Sunday, December 27, 2015

Benicia centenarian and former riveter dies

(Originally published in the 12/27/15 edition)

   Benicia resident and World War II riveter Dorothy Wivel passed away from pneumonia Wednesday, Dec. 16, at the age of 100. 
   Wivel was born Nov. 20, 1915 in the small town of Cedar Grove, Ark. In 1934, she married Ernie Wivel, and in 1942, she moved to California shortly after the U.S. started taking part in World War II. As her son-in-law Richard Reza described it, she became a bit of a “Rosie the Riveter,” working as a welder in shipyards in San Francisco, Richmond and even at Mare Island.  Her husband served as supervisor.
   “She used to tell us stories about things that happened to her when she was working on ships,” Reza said. “She’d talk about going down into the bilges or having to go to the top of masts on ships to replace the lights and replacing lightbulb holders on Liberty ships that had been shot out.”
   “She had done a lot of things that the other women didn’t want to or wouldn’t do, and she did them because her husband was the supervisor,” he added. “He called for Dorothy to do the things the other women didn’t want to do.”
   After the war ended, Wivel continued to work as a welder until 1955. In 1965, Ernie became ill, and Dorothy looked after him until he died in 1984. The Wivels had moved to Benicia in 1978, and after Ernie’s passing, Dorothy moved into the Benicia Senior Center in 1984. She lived there until 2008, when she was transferred to a senior care facility in Vallejo.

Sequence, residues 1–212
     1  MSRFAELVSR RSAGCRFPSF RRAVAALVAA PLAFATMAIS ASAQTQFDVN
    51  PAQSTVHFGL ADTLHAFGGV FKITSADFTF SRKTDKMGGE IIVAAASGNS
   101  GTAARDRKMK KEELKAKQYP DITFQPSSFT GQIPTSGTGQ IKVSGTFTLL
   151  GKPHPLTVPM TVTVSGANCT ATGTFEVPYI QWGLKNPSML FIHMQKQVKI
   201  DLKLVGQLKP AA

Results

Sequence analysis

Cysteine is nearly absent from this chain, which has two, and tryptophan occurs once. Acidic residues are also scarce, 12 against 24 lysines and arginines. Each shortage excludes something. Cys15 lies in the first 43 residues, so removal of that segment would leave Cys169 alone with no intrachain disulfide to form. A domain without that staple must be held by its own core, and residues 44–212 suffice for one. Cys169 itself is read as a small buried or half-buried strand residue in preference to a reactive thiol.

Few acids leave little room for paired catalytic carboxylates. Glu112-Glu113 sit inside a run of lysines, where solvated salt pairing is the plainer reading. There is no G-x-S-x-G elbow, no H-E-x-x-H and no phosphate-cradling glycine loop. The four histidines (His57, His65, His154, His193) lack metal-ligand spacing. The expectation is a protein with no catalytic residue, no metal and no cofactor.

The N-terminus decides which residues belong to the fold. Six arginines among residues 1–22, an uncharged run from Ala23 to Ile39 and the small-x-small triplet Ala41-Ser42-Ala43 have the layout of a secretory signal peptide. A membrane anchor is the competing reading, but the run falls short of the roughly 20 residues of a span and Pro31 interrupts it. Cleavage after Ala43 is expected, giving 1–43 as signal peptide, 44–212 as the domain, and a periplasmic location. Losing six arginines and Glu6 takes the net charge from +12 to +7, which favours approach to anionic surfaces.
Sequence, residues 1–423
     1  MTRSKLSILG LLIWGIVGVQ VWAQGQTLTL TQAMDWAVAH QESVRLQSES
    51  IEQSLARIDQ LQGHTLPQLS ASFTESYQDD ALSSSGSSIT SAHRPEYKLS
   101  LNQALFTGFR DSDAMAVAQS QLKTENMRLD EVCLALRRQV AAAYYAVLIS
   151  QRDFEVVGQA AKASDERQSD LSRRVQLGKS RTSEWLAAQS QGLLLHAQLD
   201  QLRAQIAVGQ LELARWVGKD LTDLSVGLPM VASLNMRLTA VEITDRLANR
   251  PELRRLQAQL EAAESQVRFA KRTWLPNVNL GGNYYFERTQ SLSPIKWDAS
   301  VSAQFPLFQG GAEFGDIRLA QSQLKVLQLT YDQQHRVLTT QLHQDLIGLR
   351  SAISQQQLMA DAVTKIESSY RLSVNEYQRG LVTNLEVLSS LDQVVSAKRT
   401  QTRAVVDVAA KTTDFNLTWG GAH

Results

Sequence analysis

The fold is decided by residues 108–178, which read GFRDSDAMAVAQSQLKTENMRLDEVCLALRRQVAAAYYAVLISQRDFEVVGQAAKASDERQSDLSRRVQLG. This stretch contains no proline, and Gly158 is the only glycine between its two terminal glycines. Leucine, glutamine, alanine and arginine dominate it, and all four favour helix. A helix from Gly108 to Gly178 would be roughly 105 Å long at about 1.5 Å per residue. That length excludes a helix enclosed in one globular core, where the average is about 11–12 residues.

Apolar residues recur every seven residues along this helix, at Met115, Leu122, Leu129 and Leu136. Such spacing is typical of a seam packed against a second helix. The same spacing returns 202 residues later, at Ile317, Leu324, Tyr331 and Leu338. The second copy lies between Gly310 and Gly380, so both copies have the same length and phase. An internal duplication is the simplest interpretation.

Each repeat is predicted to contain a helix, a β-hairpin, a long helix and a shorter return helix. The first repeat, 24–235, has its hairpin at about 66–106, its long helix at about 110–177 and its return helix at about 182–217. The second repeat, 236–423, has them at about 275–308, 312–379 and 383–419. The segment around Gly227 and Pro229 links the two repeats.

Even in her later years, Wivel loved the outdoors and traveling to places like Germany and across the country for family reunions in Ohio and Arkansas. Additionally, she shared her husband’s love of hunting, camping and fishing. One of her proudest moments came when she caught a 6-foot-plus sturgeon all by herself while fishing in Rodeo in the ‘50s.
   Wivel also loved her family and would come to visit her grandchildren at their football, baseball and basketball matches.
   “She used to just walk from the senior building to the little league field to watch them play,” Reza said.
   Wivel was also loved for her generosity and perseverance. 
   “She was generous to everyone,” Reza said. “She wasn’t financially set, but that didn’t stop her from doing the things she wanted to do. She was a wonderful lady.”
   A memorial is planned for early 2016, but a date has not yet been set. 


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